Palakkad: Malampuzha garden
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Kanayi Kunhiraman’s Yakshi
How a female nude came to stand tall in Kerala
Fifty years ago, a sculptor braved beatings and prudish ire to create Yakshi. Today, it is a favourite with selfie-takers
Yakshi sits in a straddled, triangular posture, uninhibited and unaffected, her curves and curls blending into the backdrop of the verdant Western Ghats. At an imposing 18 feet, she is easily India’s tallest nude woman sculpture, and perhaps the only one outside of a temple.
Yakshi in Malayalam means demoness. But Kanayi Kunhiraman — who crafted the statue that now stands in the Malampuzha garden in Palakkad from a single rock 52 years ago — says it is a subversion of the myths surrounding Yakshi as a blood-sucking demoness, a wanton seductress of men.
Does he think the work plays to the male gaze? Kanayi says his Yakshi is homage to the empowerment of women. Admitted, her gigantic features were meant to provoke the viewer, but “nature is nude and there is no shame in it. It is men who introduced the concept of chastity to repress women,” he says.
It did get off to a controversial start though. Once Kanayi began to work on the sculpture with the help of ten local chisellers, news spread that he was making a naked statue and there were protest rallies to the site. He was forced to stop work for three months but fortunately the protests died out. “The panchayat president had complained that the statue will insult the sentiments of the local people and the district collector told him the final piece would have clothes over it.” Kanayi recalls, with a smile, that the promise to remedy the queasiness of beholders never came through. “Thankfully, I got support from progressive organisations and from the media once the statue was completed and the issue was sorted out!”
And now Yakshi has spent many decades in the company of coy honeymooners, repulsed puritans and recently, selfie-clicking enthusiasts. Nudity, he says, is a colonial construct, part and parcel of the Victorian morality imposed by the British. “Even today, we are comfortable seeing a nude sculpture inside a temple, but as public art, we are not ready to accept this as a symbol of empowerment of women.”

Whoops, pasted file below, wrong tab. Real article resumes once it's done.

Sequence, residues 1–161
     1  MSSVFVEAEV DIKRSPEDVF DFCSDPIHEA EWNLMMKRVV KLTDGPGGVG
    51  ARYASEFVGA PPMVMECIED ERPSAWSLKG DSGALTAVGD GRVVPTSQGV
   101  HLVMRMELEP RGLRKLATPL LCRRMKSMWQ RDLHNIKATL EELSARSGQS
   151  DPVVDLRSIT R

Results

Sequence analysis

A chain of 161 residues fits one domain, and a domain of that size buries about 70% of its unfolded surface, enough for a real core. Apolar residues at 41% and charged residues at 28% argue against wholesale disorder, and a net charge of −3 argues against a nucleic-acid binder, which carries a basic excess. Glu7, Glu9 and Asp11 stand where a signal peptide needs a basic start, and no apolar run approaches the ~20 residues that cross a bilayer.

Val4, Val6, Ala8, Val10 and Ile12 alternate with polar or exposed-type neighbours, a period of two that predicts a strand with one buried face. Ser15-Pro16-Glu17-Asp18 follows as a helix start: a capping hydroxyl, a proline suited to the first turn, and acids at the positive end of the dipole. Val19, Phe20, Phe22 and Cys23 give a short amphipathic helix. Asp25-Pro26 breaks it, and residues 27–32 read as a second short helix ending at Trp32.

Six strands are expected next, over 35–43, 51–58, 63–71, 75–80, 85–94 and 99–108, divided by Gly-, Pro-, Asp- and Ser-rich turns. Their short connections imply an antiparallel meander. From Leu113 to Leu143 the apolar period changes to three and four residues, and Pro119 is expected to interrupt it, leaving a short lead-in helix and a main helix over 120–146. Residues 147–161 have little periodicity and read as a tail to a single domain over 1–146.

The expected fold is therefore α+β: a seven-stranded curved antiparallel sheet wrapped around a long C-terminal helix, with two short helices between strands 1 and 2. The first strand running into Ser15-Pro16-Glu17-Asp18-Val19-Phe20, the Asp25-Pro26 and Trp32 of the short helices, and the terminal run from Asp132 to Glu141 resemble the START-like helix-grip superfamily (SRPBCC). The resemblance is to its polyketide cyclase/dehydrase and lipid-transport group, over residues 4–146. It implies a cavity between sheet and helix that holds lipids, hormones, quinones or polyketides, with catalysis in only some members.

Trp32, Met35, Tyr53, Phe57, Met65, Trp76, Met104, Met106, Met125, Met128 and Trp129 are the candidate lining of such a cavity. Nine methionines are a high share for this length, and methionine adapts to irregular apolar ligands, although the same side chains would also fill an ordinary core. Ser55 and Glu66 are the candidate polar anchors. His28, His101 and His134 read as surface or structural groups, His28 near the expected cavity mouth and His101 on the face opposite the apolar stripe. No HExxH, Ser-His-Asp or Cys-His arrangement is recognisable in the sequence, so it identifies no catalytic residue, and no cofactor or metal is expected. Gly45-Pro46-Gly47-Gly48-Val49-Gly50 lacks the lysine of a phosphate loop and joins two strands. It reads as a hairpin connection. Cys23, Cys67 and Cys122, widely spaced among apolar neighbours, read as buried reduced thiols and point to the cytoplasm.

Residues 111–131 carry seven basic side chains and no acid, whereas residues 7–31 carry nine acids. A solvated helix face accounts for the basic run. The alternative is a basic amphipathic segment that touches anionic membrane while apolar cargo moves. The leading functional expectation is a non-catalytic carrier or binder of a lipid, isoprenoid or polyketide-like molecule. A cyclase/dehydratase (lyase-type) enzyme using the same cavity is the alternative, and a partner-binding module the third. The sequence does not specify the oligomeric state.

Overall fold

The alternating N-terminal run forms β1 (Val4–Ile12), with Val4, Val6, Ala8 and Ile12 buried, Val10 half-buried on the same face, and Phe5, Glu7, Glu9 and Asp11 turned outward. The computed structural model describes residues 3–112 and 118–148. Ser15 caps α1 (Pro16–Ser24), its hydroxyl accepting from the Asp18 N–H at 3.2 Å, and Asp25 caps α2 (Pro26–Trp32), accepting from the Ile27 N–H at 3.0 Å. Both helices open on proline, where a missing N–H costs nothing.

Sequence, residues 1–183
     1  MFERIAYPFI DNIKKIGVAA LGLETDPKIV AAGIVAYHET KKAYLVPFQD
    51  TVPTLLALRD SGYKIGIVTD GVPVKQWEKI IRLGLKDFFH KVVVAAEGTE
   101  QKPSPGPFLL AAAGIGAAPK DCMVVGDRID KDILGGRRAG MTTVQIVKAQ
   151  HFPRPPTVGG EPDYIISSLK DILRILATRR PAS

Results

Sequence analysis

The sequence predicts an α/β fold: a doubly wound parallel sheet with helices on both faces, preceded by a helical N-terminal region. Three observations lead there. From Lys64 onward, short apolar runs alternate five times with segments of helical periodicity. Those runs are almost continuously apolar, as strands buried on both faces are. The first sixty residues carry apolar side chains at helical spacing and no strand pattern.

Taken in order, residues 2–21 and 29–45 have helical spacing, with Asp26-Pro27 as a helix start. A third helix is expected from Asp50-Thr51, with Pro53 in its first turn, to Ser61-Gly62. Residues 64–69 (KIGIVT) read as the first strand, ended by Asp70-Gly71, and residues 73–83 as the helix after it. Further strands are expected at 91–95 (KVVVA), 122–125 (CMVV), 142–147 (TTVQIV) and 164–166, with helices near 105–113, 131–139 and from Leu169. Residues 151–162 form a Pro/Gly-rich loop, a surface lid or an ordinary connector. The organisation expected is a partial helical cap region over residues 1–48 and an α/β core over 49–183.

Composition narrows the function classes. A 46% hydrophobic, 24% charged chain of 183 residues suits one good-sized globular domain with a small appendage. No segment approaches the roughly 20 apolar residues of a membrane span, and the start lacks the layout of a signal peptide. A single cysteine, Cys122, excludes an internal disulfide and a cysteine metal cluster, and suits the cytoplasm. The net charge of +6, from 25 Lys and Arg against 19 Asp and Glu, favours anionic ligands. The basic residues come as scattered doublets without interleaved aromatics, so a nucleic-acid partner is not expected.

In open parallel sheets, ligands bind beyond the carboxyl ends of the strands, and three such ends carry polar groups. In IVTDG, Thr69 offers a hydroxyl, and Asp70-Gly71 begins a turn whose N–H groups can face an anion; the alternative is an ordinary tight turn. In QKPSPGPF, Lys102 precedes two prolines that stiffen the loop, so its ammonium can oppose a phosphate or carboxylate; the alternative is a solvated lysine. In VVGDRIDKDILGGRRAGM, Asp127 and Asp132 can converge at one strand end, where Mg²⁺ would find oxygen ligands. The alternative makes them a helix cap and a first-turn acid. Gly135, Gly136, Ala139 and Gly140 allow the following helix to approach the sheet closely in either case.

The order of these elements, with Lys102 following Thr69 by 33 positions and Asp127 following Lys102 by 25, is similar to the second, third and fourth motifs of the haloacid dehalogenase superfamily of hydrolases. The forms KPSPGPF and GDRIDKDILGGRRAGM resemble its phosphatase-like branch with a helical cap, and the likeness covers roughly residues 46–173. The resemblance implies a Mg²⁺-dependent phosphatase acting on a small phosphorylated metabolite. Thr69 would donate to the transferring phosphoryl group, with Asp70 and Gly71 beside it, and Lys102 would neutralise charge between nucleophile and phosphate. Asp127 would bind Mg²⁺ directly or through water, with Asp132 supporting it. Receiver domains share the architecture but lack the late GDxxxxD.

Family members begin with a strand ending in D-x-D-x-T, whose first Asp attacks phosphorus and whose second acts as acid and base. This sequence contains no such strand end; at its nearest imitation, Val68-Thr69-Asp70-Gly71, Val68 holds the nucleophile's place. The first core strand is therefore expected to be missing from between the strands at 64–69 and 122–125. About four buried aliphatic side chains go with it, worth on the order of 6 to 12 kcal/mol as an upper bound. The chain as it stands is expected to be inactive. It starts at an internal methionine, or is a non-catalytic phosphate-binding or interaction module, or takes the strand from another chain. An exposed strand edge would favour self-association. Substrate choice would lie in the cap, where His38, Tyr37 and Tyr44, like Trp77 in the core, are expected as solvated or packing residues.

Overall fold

In his essay for the BBC, historian William Dalrymple also wrote about how for pre-colonial Indians there was no association of women with sin. “Women were associated not with temptation but instead with fertility, abundance and prosperity, and there is an open embrace of sexuality as one route to the divine.”
Yakshi, for Kanayi, symbolises womanhood, her deeper connection with nature and her longing to break free from the stereotypes enforced by a patriarchal society. “I have seen children gazing comfortably at the statue and playing around it, but men with preconceived notions of sexuality feeling shy to even stand nearby and take a photograph,” says the grizzly 84-year-old sculptor. “There is nothing obscene in her nudity and if people feel so, it is because they are conditioned to see women in that way.”
The inspiration for Yakshi, he recounts, was as organic. The Kerala irrigation department had approached Kanayi for installing a work of art in the park adjoining Malampuzha dam way back in 1968 to generate some tourism revenue. Kanayi was an artist-in-residence at the Cholamandal artist village in Chennai then, having just returned from a three-year Commonwealth scholarship course in sculpting at the famous Slade School of Fine Arts at the University of London.
He was already experimenting with big sculptures but the idea of Yakshi came to him during a twomonth retreat in a hostel in Palakkad near the dam when all he did was roam the countryside. On one such stroll, the contours of one of the hills in the valley appeared to him to be a woman lying with her tresses flowing. “I then decided the sculpture should be that of a naked woman in tune with the wild mountain landscape. I envisioned various postures and finally came up with the posture of a woman who is ready to take in or maybe deliver a new creation into this world,’’ he says.
Interestingly, he was never paid for the work and after a few months, he was enrolled as a gardener in the Public Works Department to entitle him to free accommodation near the work site. “We used to work from eight in the morning to six in the evening, braving the sweltering Palakkad sun. One day, as I got down from the bus, a group of locals beat me up, accusing me of denigrating Indian culture. They asked me to go back or my body would come up floating in the dam. I did not file a police complaint which would have escalated the situation,’’ he recounts.
State tourism officials say Yakshi is indeed a big tourist draw at the Malampuzha park now, and a selfie point for most of the 17.8 lakh visitors who turned up in 2019-2020, earning revenue of over Rs 4 crore. “Only the older generation still feel shy to look at the statue,’’ says D Ramanunni, a 66-year-old Palakkad resident.